That quote, with its use of the concept of going to “the brink” of atomic Armageddon as a strategy, generated considerable criticism, especially from political opponents of the Eisenhower regime.

The most notable attack came from Adlai Stevenson II. He was a prominent Democratic politician who served as Governor of Illinois and made several unsuccessful attempts to be elected President of the United States prior to his death in 1965.

In 1956, the Democratic Party tapped Stevenson as their presidential candidate to run against Eisenhower. In a speech at Hartford, Connecticut on February 25, 1956, Stevenson said:

“We hear the Secretary of State boasting of his brinkmanship—the art of bringing us to the edge of the abyss.”

That line was widely quoted in news stories and embedded the term brinkmanship into our language. Stevenson is generally credited with coining the word. It was clearly based on the then widespread use of the term gamesmanship and variations on it.

Around the same time as Stevenson’s speech, the great political cartoonist Herbert Lawrence Block, commonly known as “Herblock,” drew a cartoon that reflected his view of the brinkmanship strategy.

It shows Dulles pushing Uncle Sam toward the edge of a cliff labeled as "THE BRINK," as he says “DON’T BE AFRAID — I CAN ALWAYS PULL YOU BACK.”

If you’re interested in Cold War history, you can read a scan of the complete Life magazine issue with the article about John Foster Dulles via Google Books (here). The text is also posted in the Internet Archive (here).

As someone who was a kid in the 1950s and practiced “duck and cover” drills at school in preparation for a possible nuclear attack, I found it fascinating.

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January 13, 2022

“J’Accuse!” (“I Accuse!”)

J'Accuse quote, Emile Zola, Alfred DreyfusOn January 13, 1898, the front page of the French newspaper L’Aurore featured a scathing letter about the “Dreyfus Affair” written by popular author Émile Zola and addressed to the President of the French Republic, Félix Faure.

The letter was published under huge headlines that said:

                              Par ÉMILE ZOLA

In English:

               I Accuse...!
                              By ÉMILE ZOLA

In the letter, Zola accused the French government and top military officials of anti-Semitism and of conspiring to unjustly frame, convict and imprison Alfred Dreyfus.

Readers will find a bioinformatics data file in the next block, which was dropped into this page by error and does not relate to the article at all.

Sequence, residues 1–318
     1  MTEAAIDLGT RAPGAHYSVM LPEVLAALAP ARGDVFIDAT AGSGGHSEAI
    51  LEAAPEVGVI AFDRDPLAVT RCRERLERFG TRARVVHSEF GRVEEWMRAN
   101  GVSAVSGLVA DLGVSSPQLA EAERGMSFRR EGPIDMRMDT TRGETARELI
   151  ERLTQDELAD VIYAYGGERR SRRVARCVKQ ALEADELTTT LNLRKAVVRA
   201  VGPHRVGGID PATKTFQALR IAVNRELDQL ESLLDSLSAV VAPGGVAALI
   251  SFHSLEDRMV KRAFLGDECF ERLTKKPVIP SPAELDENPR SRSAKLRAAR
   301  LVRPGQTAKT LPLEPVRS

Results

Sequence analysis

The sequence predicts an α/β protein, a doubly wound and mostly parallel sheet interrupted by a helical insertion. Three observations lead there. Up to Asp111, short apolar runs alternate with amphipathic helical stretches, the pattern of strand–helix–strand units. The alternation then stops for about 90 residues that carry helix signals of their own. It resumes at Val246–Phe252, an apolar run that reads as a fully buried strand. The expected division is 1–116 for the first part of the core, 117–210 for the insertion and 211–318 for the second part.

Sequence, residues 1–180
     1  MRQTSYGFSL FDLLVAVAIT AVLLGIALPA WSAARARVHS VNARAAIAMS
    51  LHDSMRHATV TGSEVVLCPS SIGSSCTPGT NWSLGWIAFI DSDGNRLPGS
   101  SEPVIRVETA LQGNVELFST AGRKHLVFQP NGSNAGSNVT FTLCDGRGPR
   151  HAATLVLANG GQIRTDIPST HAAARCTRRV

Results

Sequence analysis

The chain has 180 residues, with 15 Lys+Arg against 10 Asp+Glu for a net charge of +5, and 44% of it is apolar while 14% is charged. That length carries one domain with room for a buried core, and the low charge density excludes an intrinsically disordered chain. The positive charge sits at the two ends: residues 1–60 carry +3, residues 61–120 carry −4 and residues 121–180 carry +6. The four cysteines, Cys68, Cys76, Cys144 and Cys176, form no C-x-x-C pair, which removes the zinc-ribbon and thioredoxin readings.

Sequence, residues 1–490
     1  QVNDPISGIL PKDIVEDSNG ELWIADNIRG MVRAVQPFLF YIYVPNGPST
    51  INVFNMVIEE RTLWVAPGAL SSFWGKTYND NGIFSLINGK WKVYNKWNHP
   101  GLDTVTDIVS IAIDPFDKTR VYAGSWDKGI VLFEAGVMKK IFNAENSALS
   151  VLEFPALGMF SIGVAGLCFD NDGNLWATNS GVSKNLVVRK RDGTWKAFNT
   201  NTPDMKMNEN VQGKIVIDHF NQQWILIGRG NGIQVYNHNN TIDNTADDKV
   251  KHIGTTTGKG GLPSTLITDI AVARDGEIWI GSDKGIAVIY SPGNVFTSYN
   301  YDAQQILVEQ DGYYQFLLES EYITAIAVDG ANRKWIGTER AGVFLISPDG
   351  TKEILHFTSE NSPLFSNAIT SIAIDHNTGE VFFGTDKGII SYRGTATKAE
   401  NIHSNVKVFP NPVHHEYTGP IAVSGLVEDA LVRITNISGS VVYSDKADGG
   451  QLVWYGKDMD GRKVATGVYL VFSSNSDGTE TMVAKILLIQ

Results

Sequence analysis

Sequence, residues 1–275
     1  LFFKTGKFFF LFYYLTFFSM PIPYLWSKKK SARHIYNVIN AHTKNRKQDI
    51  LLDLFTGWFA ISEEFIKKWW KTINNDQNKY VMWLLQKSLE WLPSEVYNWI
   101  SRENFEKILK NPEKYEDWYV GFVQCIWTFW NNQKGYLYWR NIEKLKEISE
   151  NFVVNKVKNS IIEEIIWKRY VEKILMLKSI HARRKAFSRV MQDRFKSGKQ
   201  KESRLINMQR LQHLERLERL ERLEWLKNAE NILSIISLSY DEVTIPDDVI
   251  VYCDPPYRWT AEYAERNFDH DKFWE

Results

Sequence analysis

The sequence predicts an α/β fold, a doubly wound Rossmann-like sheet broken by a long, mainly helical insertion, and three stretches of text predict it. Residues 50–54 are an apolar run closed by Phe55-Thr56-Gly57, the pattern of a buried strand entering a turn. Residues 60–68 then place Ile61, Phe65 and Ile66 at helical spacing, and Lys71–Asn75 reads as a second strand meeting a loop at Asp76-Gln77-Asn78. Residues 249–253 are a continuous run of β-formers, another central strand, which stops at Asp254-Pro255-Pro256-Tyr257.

Dreyfus was a Jewish officer in the French Army who was convicted of treason in 1894, for allegedly passing military secrets to the Germans.

The young officer had steadfastly proclaimed he was innocent and, by 1898, clear evidence had surfaced showing he was.

The debate over Dreyfus split French society into warring cultural factions for years, in ways similar to those that have divided liberals and conservatives in America during the Trump era.

Indeed, the Dreyfus Affair involved social and political issues that would still resonate today: racial intolerance, a secret conspiracy by military and government officials, the unlawful conviction and imprisonment of an innocent man, and an example of how protests by outraged activists and revelations in the media can rock the establishment and help lead to justice and cultural changes.

However, the most widely-known legacy of the Dreyfus Affair is Zola’s quote “J’Accuse!” (usually cited without the ellipsis in the actual headline).

It is still invoked in both French and English in public attacks on injustices, lies and malfeasance committed by people in power — though few people today know much, if anything, about the events that inspired it.

The affair started when a French spy found a letter indicating that some French military officer was passing information about French artillery parts to the Germans.

The traitor was a high-ranking officer on the General Staff, Major Ferdinand Walsin Esterhazy. But Esterhazy used phony evidence to put the blame on his subordinate, Dreyfus, who was conveniently of low rank and Jewish.

At the time, anti-Semitism was rampant among the mostly-Catholic French military leaders and public.

Dreyfus had his supporters, but the flimsy case against him was accepted by the military court and most citizens. There was some inconvenient evidence suggesting that Esterhazy was the likely traitor. However, it was generally dismissed as what would now be called “fake news.”